Employers that offer “unlimited” or “untracked” vacation policies rarely allow workers to participate in their policy and receive paid leave during the period of time a given worker is on a protected leave of absence (LOA). That is, although the employer will pay the full salary of someone who wants to travel for three weeks, it will not pay a dime to employees who take a leave from work due to health problems, pregnancy, family care or a similar protected reason.
Employers often think that this formulation allows them to have their cake and eat it too. They have minimized the liability on their books for employees’ accrued but unused vacation while ensuring they will not be stuck paying many weeks of salary to someone who is not actually working. But, this policy rests on very shaky legal ground. As a result, an employee who took a protected LOA from a job that provided otherwise unlimited vacation but did not receive full pay during the term of that leave may be entitled to recover the wages s/he was not paid during the period of the leave.
LOA Statutes Require That Employers Allow Their Employees To Use Paid Vacation During The LOA
An unlimited vacation policy that pays employees anything less than their full salary during a protected LOA is arguably a violation of both the FMLA (Family and Medical Leave Act) and California’s CFRA (California Family Rights Act) and PDLL (Pregnancy Disability Leave Law). Any argument to the contrary depends on two legal fictions, neither of which is likely to be accorded much respect by a court.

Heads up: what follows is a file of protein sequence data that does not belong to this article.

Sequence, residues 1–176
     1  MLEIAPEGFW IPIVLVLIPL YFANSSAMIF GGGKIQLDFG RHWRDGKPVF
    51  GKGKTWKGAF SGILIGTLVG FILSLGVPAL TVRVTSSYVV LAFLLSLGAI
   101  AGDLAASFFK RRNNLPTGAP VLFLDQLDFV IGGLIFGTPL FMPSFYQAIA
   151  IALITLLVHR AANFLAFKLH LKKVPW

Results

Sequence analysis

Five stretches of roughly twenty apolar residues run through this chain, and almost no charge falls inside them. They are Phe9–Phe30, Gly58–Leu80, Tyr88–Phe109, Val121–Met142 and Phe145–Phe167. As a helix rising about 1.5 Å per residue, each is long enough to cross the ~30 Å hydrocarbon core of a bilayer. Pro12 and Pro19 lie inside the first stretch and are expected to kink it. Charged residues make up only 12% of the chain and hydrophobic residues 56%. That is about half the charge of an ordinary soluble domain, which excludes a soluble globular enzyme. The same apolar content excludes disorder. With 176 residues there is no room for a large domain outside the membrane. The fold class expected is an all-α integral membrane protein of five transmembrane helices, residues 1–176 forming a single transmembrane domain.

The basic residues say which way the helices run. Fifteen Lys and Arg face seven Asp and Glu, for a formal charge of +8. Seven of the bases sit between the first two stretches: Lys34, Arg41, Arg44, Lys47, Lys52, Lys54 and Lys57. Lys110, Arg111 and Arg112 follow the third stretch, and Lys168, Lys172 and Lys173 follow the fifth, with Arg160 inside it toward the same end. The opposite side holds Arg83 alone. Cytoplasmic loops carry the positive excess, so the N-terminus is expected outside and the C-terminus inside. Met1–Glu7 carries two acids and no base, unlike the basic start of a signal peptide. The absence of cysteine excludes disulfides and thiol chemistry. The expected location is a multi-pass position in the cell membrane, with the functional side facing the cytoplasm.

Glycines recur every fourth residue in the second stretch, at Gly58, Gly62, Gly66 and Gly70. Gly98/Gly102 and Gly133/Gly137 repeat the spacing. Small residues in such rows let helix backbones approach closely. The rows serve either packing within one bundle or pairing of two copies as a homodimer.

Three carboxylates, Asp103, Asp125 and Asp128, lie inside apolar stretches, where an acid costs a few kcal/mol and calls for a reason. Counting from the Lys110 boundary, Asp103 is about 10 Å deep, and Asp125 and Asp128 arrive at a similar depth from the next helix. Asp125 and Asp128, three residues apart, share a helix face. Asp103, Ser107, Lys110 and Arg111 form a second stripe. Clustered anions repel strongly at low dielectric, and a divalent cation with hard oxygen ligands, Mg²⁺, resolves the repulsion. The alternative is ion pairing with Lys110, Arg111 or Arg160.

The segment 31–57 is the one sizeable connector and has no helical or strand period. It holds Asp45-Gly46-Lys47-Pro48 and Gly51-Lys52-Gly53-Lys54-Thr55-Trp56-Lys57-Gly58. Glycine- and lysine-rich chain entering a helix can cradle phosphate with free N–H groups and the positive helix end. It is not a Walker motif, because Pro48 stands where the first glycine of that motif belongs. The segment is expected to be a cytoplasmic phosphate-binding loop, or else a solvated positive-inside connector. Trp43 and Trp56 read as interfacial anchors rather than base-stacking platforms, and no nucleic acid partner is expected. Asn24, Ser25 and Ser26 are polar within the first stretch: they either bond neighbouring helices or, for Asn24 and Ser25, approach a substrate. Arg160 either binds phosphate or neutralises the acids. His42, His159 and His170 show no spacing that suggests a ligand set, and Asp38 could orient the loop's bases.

The first fiction that employers must advance in order to justify their position is the counterintuitive idea that although workers in an unlimited system can take a paid vacation whenever they want, they do not “accrue” any vacation time under that policy. Convincing a court to adopt this reasoning is sure to be difficult given that various dictionaries define “accrue” to mean “receive,” “arise” and “come into existence,” among other things. Each of those terms seems to describe the time off workers receive under an open vacation policy.
If vacation days are “accrued” under the employer’s vacation policy, then electing to pay employees anything less than their full salary during a protected LOA violates the plain text of each of the PDLL, CFRA and the FMLA. See Gov. Code § 12945(a)(1) (PDLL requires workers have option to use “any accrued vacation leave” during LOA); Gov. Code § 12945.2(e) (CFRA requires workers be allowed to use any “accrued vacation leave or other accrued time off” during LOA); 29 U.S.C. § 2612(d)(2) (FMLA requires that worker be allowed to “substitute any accrued paid vacation leave, personal leave, or family leave” during LOA).
The second and related legal fiction that employers must advance is that the their unlimited vacation policy also does not provide workers with any of the following: “any vacation time,” “undifferentiated paid time off” or “any other paid or unpaid time off negotiated with the employer.” California’s LOA laws use each of those terms as examples to describe the paid time off from work that an employee must be permitted to use while on a protected LOA. See Gov. Code § 12945.2(e); Cal. Code Regs., tit. 2 §§ 7291.11(b)(2), 7297.5(b)(1). Recognizing that lawyers can disagree about what the meaning of “is” is, it still seems very likely that the payment that workers subject to an unlimited vacation policy receive when they are away from the office during a workday falls under one or more of the definitions above.